# Tagged Questions

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### Independent components in a 4-vector representing massless fields

In Ryder Page141, it is written "the electromagnetic field, like any massless field, possesses only two independent components, but is covariantly described by a 4-vector $A_{\mu}$". Why are there ...
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### General relativity: gauge fixing

In his lectures professor Hamber said that the metric tensor is not unique, just like the 4 vector potential is not unique for a unique field in electrodynamics. Since the metric tensor is symmetric, ...
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### Questions about the degree of freedom in General Relatity

I'm confused about the number of degrees of freedom in General Relatity. There are two ways to count it. However, they are contradictory. For simplicity, we consider vacuum solution. First, ...
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### Counting the number of propagating degrees of freedom in Lorenz Gauge Electrodynamics

How do I definitively show that there are only two propagating degrees of freedom in the Lorenz Gauge $\partial_\mu A^\mu=0$ in classical electrodynamics. I need an clear argument that involves the ...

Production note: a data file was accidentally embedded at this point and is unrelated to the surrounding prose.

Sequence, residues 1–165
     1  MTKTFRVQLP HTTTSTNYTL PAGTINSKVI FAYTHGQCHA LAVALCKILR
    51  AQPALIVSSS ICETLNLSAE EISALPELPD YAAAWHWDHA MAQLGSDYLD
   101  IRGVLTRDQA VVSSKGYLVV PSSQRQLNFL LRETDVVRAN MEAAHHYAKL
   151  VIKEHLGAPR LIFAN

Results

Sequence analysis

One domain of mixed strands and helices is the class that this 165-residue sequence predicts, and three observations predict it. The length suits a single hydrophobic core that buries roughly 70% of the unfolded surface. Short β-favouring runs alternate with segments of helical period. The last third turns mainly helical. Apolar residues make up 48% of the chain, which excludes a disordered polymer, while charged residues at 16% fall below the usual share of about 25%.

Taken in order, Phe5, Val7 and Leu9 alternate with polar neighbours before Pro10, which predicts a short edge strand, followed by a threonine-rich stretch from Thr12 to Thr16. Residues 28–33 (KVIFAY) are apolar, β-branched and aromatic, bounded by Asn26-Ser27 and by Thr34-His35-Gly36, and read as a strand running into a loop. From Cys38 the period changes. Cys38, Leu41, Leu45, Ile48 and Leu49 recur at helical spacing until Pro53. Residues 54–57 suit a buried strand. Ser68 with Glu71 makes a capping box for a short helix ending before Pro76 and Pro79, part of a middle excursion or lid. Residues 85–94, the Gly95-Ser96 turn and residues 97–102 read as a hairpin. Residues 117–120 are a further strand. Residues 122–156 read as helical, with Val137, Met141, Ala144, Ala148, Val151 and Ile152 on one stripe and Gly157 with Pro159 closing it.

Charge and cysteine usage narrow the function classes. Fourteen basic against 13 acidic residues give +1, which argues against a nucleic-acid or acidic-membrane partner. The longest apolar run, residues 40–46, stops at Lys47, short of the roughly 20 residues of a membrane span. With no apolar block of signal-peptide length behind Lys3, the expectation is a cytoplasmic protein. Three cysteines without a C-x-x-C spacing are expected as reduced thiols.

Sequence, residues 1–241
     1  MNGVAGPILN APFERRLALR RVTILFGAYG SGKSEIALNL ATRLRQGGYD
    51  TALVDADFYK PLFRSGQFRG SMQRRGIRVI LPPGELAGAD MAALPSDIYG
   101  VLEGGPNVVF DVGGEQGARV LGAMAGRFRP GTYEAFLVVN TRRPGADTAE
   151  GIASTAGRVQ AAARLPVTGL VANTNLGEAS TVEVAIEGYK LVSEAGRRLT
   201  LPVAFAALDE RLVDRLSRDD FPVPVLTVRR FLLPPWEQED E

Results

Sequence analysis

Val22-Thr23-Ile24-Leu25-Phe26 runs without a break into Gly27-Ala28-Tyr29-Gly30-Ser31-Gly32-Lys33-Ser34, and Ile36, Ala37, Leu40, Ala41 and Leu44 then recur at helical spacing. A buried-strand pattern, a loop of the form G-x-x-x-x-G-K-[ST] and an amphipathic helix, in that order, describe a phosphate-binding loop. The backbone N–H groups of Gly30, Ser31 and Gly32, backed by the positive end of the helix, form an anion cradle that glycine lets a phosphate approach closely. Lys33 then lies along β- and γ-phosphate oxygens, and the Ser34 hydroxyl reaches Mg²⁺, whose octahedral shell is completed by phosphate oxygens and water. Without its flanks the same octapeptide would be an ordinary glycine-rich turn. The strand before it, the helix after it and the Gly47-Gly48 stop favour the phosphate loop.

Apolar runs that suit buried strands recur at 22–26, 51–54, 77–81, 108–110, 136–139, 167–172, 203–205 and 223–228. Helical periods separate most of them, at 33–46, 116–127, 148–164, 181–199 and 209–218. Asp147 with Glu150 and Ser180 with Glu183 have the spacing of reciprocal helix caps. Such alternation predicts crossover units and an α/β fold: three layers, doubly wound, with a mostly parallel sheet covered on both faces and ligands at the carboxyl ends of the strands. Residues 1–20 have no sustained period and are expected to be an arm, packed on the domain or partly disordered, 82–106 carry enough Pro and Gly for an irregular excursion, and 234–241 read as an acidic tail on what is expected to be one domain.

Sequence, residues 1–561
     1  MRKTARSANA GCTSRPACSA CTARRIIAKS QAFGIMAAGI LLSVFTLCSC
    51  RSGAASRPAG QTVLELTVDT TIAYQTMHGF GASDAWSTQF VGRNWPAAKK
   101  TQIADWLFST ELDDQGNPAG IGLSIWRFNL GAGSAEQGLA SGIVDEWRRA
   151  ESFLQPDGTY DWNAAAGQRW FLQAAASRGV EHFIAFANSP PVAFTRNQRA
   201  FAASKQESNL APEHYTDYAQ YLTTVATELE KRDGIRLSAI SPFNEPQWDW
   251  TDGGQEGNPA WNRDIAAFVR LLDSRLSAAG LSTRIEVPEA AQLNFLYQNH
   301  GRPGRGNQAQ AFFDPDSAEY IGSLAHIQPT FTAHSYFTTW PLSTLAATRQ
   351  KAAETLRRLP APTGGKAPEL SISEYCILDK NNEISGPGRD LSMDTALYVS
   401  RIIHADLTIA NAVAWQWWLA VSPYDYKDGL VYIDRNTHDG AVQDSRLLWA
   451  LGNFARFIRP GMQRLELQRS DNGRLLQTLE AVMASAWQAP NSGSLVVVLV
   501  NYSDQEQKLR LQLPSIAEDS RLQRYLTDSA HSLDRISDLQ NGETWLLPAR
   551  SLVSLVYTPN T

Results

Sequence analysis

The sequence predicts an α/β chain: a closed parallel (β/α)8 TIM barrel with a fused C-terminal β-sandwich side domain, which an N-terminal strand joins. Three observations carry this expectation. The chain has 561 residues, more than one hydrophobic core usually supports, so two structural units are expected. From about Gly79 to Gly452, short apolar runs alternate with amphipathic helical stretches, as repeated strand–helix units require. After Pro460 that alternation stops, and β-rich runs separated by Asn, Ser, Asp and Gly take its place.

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### How many physical degrees of freedom does the $\mathrm{SU(N)}$ Yang-Mills theory have?

The $\mathrm{U(1)}$ QED case has two physical degrees of freedom, which is easy to understand because the free electromagnetic field must be transverse to the direction of propagation. But what are ...
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### Degrees of freedom of the photon in $d=n$

It is well known that in ordinary $4$ dimension, the photon has on shell only two physical degrees of freedom. Physically this means its elicity is either $\lambda=+1$ or $\lambda=-1$ but cannot ...
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### Polarization vectors of massive and massless particles

I read from Mandl & Shaw that when quantizing massless vector particles such as photons in Lorentz gauge, there are 4 linearly independent polarization vectors (2 of them being able to "gauged ...
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### Degrees of freedom of the graviton versus classical degrees of freedom

I have a puzzle I can not even understand. A graviton is generally understood in $D$ dimensions as a field with some independent components or degrees of freedom (DOF), from a traceless symmetric ...
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### Counting degrees of freedom for gravitational waves as a gauge field

Sean Carroll has a new popularization about the Higgs, The Particle at the End of the Universe. Carroll is a relativist, and I enjoyed seeing how he presented the four forces of nature synoptically, ...
In a $N$ dimensional phase space if I have $M$ 1st class and $S$ 2nd class constraints, then I have $N-2M-S$ degrees of freedom in phase space. How can I calculate the degrees of freedom in ...
Gauge bosons are represented by $A_{\mu}$, where $\mu = 0,1,2,3$. So in general there are 4 degrees of freedom. But in reality, a photon (gauge boson) has two degrees of freedom (two polarization ...